S/Korea urges Nigeria to embrace its $12.4m Mini-Grids nuclear energy option

Oredola Adeola

The Nigerian government has been advised to embrace the South Korea’s nuclear energy option to close deficits gap in its electricity generation and supply.

The offer was made by the South Korean government as part of efforts to help address the country’s energy poverty.

Kim Young Chae, Ambassador of South Korea to Nigeria, made this known in an interactive session with the Senate Committee on Power, chaired by Senator Gabriel Suswam, to clarify certain issues, regarding the $12.4 million stand-alone mini-grid electricity project to be funded by the Korean government and gifted to Nigeria.

According to him, South Korea’s doors are open if Nigeria ever wants to look in the direction of utilizing nuclear energy, to solve its electricity challenge.
He said, “The nuclear energy options currently utilized in the United Arab Emirate, UAE, is based on the South Korean model and powered by South Korean companies.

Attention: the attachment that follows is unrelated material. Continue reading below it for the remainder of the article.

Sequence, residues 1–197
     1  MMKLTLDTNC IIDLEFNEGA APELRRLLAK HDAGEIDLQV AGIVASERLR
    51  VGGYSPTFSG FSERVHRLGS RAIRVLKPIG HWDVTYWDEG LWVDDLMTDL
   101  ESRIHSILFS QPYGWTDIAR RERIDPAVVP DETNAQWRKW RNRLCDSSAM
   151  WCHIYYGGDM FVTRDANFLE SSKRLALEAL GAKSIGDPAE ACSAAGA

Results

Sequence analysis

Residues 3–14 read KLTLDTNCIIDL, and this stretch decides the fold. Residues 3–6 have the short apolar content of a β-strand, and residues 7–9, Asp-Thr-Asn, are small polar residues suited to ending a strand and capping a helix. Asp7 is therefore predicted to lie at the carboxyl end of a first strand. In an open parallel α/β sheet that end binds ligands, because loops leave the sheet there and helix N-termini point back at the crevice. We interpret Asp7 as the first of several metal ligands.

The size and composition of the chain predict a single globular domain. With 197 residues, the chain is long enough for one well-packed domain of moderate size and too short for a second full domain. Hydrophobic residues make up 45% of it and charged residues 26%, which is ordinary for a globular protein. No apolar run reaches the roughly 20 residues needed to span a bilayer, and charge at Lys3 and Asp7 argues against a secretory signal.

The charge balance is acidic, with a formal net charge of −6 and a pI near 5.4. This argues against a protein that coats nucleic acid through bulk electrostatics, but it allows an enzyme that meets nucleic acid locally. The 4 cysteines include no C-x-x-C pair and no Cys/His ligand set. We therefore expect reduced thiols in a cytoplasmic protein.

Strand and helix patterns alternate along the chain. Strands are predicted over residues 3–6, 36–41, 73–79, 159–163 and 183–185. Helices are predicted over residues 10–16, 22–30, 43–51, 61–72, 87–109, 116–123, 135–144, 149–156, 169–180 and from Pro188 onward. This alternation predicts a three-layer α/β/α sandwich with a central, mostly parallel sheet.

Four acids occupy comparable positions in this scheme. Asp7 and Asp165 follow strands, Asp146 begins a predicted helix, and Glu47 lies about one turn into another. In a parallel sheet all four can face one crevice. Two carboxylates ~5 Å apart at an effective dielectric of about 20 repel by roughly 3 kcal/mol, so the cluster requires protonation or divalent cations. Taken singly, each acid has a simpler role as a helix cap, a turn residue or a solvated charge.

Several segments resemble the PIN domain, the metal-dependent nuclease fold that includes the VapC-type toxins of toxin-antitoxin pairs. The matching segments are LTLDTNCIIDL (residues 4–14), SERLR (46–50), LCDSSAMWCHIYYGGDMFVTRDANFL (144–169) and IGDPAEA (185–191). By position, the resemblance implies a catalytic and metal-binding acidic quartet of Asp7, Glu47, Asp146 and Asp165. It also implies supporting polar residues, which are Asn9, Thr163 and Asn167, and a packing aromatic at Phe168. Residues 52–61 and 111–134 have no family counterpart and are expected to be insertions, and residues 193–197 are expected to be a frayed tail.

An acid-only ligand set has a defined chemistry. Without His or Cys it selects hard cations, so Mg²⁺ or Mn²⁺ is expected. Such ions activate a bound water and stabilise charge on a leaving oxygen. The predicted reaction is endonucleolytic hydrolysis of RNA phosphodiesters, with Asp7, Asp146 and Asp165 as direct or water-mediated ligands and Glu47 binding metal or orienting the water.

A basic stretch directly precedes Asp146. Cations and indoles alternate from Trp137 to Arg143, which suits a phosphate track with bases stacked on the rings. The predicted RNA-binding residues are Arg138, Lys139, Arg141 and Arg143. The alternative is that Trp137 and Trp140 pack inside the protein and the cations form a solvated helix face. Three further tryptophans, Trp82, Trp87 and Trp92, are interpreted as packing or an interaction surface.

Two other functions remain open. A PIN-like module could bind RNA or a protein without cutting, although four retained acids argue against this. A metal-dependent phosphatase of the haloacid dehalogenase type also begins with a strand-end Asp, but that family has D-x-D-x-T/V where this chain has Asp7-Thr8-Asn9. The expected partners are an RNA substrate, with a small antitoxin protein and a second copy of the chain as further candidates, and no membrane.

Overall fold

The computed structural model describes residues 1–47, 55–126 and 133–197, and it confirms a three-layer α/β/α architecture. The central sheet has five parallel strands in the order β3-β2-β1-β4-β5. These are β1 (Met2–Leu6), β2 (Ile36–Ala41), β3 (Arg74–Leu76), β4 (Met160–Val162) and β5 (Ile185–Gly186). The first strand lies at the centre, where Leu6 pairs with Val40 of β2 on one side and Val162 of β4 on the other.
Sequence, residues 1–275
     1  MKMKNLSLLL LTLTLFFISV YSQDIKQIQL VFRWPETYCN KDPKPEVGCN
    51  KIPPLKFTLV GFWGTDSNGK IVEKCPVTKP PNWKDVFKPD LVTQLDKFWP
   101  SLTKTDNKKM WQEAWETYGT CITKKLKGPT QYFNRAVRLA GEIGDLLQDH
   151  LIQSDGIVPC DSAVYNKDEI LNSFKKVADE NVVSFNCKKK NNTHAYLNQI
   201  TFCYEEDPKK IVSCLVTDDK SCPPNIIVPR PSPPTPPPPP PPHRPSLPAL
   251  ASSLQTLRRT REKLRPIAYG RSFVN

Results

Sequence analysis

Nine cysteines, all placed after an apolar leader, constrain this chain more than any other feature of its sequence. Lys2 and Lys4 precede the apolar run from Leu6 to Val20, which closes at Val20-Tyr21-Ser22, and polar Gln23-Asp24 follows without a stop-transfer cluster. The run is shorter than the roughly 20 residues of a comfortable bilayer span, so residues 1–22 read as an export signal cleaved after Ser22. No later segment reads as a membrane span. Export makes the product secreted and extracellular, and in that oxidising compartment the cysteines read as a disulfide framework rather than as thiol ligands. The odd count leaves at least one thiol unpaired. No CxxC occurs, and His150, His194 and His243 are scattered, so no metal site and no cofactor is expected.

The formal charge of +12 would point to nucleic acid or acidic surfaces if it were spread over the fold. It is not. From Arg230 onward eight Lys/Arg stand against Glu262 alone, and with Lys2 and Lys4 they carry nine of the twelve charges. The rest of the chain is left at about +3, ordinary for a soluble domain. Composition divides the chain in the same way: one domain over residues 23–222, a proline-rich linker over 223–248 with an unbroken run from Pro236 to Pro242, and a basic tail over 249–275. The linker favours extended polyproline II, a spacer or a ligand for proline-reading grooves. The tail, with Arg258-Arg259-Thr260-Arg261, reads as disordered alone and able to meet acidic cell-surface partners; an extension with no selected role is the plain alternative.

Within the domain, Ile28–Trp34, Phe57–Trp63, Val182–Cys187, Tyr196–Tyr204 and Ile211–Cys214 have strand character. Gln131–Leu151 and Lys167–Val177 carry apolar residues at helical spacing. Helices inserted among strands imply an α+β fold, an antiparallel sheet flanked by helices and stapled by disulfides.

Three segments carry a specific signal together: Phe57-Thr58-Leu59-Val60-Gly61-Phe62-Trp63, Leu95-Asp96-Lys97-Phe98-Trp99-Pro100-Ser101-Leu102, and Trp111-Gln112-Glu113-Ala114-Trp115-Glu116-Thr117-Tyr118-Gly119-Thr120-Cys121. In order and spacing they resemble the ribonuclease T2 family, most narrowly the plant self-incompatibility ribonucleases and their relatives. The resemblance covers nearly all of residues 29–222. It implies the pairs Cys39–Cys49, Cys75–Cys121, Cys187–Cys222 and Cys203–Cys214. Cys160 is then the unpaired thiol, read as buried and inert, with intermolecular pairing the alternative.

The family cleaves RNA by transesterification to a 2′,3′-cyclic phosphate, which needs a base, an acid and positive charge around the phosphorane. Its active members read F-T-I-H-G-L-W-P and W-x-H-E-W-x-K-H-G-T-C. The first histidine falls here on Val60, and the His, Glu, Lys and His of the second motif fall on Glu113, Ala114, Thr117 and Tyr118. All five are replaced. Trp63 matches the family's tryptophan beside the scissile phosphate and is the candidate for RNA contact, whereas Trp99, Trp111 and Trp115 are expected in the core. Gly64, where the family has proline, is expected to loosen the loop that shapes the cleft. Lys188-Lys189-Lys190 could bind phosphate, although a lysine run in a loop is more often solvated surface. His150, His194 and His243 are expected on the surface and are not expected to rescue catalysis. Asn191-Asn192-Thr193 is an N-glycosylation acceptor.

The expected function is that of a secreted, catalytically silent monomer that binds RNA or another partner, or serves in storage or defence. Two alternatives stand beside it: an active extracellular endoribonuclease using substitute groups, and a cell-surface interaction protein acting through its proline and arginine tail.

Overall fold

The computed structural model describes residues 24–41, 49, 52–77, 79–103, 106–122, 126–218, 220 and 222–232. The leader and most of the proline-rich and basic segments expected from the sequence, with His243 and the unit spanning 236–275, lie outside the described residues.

EnergyDay gathered that the mini-solar grid project valued at $12.4 million (approximately N7billion), is expected to begin with the project designing on April 2022 and extends to December 2024. The Korean government promised to deliver the project in cooperation with the relevant government agency/agencies of Nigeria and local businesses.

Presenting the details, the South Korean Ambassador, confirmed that the project is a grant from his country to Nigeria and not a loan.

He also confirmed that all the 4 mini-grids will be sited in Abuja with the works and maintenance of the project handled by South Korean contractors.

The Senate Committee, while commending the Korean gift to Nigeria, expressed reservation in the decision of the Korean government to have all the mini-grids sited in Abuja.

The Committee urged the Korean government to consider a wider spread that will leave Abuja with only 1 mini-grid, and at least two mini-grids in each of
the six geopolitical zones.

Senator Suswam noted further that the $12.4m being proposed for 4 mini-grids in Abuja will be enough to build 12 mini-grids, even though with smaller capacity, but with greater desired impact across the country.

In his presentation, the Managing Director/CEO, Rural Electrification Agency, (REA), Ahmad Salihijo Ahmad, raised concerns about the sustainability of the project, as well as the possibilities of having Nigerian companies work on the project.

South Korean Ambassador in his response to the demand by the Senate committee and REA, promised to escalate the requests to his government in Seoul.